Breast cancer is a leading cause of cancer morbidity and mortality among American Indian and Alaska Native (AI/AN) women.Although published studies have suggested that breast cancer rates among AI/AN women are lower than those among other racial and ethnic populations, accurate determinations of the breast cancer burden have been hampered by misclassification of AI/AN race. Cancer incidence data from the National Program of Cancer Registries and the Surveillance, Epidemiology, and End Results Program were combined to estimate age-adjusted rates for the diagnosis years 1999 through 2004.In Canada and Greenland, Inuit circulated almost exclusively north of the "Arctic tree line", the effective southern border of Inuit society.Methamphetamine has been identified as one of the largest threats to public safety in Indian Country.The rate in Alaska was similar to the rate among non-Hispanic white (NHW) women in Alaska.Overall, AI/AN women had lower rates of breast cancer than NHW women, but AI/AN women were more likely to be diagnosed with late-stage disease. To the authors’ knowledge, this report provides the most comprehensive breast cancer incidence data for AI/AN women to date.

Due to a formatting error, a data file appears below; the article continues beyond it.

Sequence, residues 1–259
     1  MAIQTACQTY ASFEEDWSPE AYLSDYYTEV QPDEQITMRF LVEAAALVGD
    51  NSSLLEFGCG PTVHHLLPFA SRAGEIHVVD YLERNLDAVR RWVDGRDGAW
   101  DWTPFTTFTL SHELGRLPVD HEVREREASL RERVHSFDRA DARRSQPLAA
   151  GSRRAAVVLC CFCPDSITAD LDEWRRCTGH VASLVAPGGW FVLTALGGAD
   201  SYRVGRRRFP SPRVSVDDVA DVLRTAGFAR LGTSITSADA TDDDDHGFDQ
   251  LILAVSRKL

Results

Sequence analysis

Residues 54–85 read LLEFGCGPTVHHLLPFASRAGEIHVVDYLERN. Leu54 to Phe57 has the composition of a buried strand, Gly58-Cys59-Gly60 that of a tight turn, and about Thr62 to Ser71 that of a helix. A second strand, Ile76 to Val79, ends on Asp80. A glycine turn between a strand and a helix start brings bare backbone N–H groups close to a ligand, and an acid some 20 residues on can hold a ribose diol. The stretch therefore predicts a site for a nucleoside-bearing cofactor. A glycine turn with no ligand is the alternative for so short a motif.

The Greenlandic Inuit are descendants of indigenous migrations from Canada.
The wide regional variation indicates an important need for etiologic and health services research, and the large percentage of AI/AN women with late-stage disease demands innovative approaches for increasing access to screening.
In the United States and Canada, the term "Eskimo" was commonly used to describe the Inuit and Alaska's Yupik and Iñupiat peoples.
They are citizens of Denmark, although not of the European Union. They had split from the related Aleut group about 4,000 years ago and from northeastern Siberian migrants, possibly related to the Chukchi language group, still earlier. They were thought to have become completely extinct as a people by about 1400 or 1500. Collins determined that, based on the ruins found at Native Point, the Sadlermiut were likely the last remnants of the Dorset culture, or Tuniit.
In contrast to other Tuniit populations, the Aleut and Sadlermiut benefited from both geographical isolation and their ability to adopt certain Thule technologies.